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While not commonly centered in the Cold War story, Latin America was intensely affected by that historic conflict. In this book, available for the first time in English, Vanni Pettina makes sense of the region's diverse, complex political experiences of the Cold War era. Cross-fertilized by Latin American and Anglophone historiography, his account shifts from an overemphasis on U.S. interventions toward a comprehensive Latin American perspective. Connecting Cold War events to the region's political polarizations, revolutionary mobilizations, draconian state repression, and brutal violence in almost every sphere, Pettina demonstrates that Latin America's Cold War was rarely cold.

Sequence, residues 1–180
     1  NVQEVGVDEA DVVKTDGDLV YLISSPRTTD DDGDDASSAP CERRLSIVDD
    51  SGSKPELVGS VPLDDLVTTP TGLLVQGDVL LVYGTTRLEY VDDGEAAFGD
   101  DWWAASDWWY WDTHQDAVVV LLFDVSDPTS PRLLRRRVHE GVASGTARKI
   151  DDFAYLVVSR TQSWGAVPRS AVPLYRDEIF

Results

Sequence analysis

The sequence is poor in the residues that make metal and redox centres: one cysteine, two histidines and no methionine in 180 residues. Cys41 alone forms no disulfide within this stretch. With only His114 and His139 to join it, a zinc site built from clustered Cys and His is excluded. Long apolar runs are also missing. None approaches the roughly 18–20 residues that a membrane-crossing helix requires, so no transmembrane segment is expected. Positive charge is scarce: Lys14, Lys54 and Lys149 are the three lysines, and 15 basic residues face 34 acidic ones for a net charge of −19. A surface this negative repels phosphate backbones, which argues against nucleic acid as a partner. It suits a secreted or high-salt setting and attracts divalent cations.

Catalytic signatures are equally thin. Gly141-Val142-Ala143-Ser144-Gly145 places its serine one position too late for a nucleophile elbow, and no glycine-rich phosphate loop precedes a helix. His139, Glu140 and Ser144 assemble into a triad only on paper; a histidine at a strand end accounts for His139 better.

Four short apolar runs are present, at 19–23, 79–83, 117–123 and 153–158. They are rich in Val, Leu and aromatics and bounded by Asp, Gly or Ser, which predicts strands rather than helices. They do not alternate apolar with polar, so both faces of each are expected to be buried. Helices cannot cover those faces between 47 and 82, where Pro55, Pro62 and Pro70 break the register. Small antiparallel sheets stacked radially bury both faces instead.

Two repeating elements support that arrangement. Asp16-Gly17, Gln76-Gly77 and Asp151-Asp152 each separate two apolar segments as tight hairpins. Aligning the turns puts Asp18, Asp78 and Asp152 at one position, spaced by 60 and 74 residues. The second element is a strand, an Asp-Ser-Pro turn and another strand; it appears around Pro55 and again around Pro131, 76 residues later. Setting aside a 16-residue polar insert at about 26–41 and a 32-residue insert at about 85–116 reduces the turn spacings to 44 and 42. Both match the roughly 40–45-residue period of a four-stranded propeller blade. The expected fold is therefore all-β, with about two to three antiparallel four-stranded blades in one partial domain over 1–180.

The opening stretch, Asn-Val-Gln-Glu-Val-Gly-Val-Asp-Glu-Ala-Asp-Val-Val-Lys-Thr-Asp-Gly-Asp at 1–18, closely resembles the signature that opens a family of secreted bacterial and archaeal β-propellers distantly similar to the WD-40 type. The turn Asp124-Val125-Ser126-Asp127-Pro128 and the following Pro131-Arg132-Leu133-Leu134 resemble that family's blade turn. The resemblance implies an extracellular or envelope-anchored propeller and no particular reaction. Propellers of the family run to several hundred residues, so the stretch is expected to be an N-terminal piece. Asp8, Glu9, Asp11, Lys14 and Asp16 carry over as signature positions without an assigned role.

In the midst of the tumult, some countries showed resilience and capacity to bend the disruptive dynamics to their advantage. Mexico, for example, drew on a mix of nationalism and anticommunism, aided by the United States, to achieve strong economic growth and political stability. Cuba, in contrast, used Soviet protection to shield its revolution from the United States and to strengthen its capacity to project power in Latin America and beyond. Interweaving global and local developments along an insightful analytical frame, Pettina reveals the distinct consequences of the Cold War in the Western Hemisphere.
About the Author
Vanni Pettina is associate professor of Latin American international history at El Colegio de Mexico. He is coeditor of Latin America and the Global Cold War. Quentin Pope is a translator and editor who lives in Mexico.